Horry County Redistricting Committee finalizing new district map

Published: Jan. 6, 2022 at 7:34 AM EST
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HORRY COUNTY, S.C. (WMBF) - Precisely where Horry County voters head to the polls could change in the next couple of months.

The Horry County Redistricting Committee is nearly finished with a new county council district map.

“I live on one side of the street. My mother lives on the other,” said Horry County School Board Chairman Ken Richardson, who serves on the redistricting committee. “We can ride to the polls together, and my mother votes for one county council member and I vote for another county council member.”

Richardson knows first hand how confusing voting district lines can be. Now that he’s part of the process for drawing up new ones following the 2020 census data, he realizes how challenging it often is to keep people with similar interests in the same district.

“I know when you go home, some of you are asking, ‘Why don’t they just use common sense?’ We do, but it can be a little complicated,” said Richardson.

The county needs to redraw the lines every decade to keep up with population growth.

For example, both districts four and five on the South Strand had about 24,000 people in them when they were drawn in 2010. A decade later, District 4 has 12,000 more people than District 5 because it includes Burgess, the fastest growing community in the county.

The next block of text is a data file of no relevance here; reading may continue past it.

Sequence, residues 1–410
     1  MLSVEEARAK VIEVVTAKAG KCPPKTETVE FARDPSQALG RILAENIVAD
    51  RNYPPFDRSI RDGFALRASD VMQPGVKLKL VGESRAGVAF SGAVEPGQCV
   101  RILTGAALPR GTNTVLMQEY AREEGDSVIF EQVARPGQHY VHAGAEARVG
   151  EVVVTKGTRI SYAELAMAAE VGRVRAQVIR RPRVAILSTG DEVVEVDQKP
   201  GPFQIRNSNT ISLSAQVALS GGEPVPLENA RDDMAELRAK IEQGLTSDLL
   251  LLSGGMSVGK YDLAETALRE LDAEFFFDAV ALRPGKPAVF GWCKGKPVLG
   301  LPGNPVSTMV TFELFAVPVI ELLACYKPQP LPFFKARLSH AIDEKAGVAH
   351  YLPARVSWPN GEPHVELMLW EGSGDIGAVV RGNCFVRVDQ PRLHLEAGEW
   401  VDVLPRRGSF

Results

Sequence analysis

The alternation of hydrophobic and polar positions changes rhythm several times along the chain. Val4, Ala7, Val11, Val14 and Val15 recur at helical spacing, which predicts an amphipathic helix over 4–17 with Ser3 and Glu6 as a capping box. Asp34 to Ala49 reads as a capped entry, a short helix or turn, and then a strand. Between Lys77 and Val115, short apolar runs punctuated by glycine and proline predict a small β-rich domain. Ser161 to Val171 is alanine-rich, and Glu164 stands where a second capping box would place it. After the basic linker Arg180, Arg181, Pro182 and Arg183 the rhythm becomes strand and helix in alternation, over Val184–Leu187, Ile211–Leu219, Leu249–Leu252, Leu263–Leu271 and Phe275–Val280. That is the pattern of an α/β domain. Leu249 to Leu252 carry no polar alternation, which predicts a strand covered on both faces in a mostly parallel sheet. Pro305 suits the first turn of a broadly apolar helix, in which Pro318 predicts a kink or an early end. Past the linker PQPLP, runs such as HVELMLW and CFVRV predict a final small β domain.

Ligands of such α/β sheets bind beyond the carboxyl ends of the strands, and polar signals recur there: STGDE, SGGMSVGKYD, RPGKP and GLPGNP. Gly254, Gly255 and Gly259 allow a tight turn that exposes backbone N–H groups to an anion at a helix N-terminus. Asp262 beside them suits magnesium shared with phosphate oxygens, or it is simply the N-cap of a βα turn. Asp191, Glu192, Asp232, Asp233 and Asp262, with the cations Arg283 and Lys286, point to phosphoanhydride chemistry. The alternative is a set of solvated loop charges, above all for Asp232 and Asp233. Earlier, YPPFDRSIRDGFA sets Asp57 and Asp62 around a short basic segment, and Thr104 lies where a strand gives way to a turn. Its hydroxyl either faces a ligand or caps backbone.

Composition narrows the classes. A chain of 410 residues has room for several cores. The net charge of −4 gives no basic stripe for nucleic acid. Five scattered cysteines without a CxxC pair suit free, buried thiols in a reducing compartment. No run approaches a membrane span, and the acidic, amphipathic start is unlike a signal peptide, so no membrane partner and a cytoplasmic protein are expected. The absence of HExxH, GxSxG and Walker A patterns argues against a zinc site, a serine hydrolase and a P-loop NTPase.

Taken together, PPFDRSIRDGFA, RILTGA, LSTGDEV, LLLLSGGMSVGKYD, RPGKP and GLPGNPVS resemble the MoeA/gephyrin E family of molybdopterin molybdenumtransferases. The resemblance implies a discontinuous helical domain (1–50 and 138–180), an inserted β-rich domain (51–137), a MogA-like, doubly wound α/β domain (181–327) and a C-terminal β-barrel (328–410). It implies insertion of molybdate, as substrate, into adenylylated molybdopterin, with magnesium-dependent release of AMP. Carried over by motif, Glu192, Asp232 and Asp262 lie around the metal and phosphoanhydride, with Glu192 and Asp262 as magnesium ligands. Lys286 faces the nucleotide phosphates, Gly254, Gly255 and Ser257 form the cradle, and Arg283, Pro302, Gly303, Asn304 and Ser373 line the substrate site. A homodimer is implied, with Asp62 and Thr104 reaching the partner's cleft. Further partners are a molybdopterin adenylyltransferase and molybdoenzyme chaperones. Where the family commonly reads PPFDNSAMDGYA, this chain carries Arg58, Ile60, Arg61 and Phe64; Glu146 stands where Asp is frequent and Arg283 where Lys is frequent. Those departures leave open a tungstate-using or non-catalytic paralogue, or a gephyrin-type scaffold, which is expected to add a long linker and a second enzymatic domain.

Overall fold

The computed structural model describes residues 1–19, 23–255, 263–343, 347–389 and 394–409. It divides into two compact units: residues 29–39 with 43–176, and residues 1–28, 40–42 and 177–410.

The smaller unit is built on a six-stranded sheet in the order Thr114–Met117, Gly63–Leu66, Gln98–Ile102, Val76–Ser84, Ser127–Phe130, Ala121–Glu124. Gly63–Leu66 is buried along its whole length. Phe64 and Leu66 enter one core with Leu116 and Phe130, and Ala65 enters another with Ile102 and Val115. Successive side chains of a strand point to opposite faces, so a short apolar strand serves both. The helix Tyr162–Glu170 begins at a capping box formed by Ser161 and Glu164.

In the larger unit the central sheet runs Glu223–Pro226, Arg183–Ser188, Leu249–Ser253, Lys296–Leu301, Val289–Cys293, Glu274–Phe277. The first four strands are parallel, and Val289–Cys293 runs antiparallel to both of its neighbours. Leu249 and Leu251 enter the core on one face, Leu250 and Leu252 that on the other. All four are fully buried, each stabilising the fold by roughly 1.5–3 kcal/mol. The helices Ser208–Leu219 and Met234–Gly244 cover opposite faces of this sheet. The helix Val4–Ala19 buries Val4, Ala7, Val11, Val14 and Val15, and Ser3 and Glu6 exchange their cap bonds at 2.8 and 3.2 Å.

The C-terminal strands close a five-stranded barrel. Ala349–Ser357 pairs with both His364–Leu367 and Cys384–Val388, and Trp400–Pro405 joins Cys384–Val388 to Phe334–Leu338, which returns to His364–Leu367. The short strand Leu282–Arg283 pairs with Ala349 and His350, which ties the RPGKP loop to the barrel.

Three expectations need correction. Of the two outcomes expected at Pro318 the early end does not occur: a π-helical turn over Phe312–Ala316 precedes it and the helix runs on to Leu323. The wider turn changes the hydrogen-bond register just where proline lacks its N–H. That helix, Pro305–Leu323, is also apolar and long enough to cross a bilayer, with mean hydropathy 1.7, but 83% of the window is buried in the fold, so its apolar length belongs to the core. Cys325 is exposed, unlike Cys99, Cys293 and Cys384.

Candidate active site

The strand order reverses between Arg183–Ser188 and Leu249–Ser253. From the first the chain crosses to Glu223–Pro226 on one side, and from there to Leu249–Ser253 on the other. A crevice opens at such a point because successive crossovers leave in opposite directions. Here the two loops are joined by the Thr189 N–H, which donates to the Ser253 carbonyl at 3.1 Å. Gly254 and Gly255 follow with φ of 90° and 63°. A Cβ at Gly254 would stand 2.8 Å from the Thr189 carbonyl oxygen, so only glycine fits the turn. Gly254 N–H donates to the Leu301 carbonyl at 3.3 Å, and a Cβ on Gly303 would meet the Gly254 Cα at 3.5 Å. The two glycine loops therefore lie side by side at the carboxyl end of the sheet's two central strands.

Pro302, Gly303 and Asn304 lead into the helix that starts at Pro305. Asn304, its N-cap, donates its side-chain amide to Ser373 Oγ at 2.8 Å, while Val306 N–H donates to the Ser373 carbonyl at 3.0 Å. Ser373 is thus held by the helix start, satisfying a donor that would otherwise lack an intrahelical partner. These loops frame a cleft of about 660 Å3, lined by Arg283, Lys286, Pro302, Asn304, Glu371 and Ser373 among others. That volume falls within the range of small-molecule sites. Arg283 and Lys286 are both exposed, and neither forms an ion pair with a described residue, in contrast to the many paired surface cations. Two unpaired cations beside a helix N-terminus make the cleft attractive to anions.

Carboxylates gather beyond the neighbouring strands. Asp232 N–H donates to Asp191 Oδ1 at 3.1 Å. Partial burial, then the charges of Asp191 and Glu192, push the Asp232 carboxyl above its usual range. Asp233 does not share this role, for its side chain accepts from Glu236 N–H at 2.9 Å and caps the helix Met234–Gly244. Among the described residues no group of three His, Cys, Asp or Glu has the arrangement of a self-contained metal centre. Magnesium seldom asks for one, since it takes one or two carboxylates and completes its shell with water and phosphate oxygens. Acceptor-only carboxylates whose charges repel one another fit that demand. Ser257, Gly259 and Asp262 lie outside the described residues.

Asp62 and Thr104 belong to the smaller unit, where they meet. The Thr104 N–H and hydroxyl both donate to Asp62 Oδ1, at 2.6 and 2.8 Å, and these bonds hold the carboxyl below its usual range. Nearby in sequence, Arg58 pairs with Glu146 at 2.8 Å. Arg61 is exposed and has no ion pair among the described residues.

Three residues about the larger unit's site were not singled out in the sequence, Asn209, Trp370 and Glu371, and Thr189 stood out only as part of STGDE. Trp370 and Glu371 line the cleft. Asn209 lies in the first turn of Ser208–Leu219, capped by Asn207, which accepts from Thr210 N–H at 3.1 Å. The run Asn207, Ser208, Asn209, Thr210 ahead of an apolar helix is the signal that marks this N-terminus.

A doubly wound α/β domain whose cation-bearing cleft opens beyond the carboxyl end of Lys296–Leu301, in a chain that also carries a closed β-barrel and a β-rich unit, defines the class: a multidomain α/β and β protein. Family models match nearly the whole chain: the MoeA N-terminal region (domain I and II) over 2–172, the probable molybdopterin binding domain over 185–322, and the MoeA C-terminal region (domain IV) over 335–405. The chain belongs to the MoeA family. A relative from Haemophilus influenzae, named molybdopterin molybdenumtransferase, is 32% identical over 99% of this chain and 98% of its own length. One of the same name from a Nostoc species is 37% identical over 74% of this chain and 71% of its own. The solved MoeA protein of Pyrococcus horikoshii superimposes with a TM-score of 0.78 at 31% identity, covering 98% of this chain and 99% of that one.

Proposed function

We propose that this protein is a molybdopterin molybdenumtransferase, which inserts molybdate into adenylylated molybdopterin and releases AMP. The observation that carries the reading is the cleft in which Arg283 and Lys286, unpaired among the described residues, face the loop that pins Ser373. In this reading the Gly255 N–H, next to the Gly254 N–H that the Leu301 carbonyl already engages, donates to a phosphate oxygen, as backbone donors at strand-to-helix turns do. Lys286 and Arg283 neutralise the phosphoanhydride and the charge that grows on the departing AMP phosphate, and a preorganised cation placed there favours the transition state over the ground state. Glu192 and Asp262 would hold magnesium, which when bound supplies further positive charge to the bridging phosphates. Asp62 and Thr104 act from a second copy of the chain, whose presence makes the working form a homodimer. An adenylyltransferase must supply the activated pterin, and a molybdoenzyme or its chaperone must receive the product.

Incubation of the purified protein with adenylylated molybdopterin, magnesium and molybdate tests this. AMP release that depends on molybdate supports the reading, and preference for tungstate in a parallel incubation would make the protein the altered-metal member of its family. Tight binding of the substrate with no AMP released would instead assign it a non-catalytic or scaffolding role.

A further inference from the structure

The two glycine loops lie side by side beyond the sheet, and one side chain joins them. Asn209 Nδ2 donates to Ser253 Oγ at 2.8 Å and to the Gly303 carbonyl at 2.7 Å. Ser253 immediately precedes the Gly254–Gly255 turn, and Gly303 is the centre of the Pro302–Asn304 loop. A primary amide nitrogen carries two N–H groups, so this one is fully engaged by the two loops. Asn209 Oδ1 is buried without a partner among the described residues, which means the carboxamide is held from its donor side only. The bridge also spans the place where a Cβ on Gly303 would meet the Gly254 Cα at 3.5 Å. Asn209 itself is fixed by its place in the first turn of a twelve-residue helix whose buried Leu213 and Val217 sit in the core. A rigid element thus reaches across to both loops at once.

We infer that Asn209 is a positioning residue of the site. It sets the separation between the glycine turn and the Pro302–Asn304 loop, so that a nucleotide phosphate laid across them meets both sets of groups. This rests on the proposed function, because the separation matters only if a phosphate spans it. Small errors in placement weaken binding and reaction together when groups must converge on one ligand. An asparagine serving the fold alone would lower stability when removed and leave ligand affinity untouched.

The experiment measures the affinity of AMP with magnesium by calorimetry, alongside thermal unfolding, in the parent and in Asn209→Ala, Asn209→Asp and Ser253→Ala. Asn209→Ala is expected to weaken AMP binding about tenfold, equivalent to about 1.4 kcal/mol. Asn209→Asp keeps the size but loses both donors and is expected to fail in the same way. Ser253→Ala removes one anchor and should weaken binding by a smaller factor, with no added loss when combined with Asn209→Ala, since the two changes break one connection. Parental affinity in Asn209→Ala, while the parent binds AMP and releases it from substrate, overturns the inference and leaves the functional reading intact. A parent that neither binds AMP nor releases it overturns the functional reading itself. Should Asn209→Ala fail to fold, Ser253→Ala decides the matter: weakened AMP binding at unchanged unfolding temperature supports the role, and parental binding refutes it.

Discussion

One representative from the Horry County Democratic Party wants to make sure those new lines don’t silence any voices.

“If the so-called minority votes weren’t so important, then why do we find ourselves having them cracked up by this committee,” said Cedric Blain-Spain during a public input session Wednesday night.

Blain-Spain accused the committee of “cracking,” meaning breaking up a minority vote into several districts so it doesn’t carry as much weight come election day, specifically in districts 2 and 3.

The committee consulted an attorney who says the draft map follows all state and local protocols to prevent that from happening.

Councilman Orton Bellamy, who is also a committee member, says the best way to prevent cracking is to keep their ears open and listen to what voters have to say during the public meetings.

“We’re going to ensure we do not have gerrymandering, cracking and packing in Horry County,” said Bellamy. “The objective is to be fair and make sure the maps are equitable to all of our citizens in Horry County.”

Bellamy says they’re going to take the input from Wednesday night and tweak the map just a little more during a meeting next week.

They will then go before county council for approval so the new districts will be in place in time for the June primary election. These same districts would also take effect for the Horry County School Board.

More information on the county’s redistricting process, as well as map drafts, click here.

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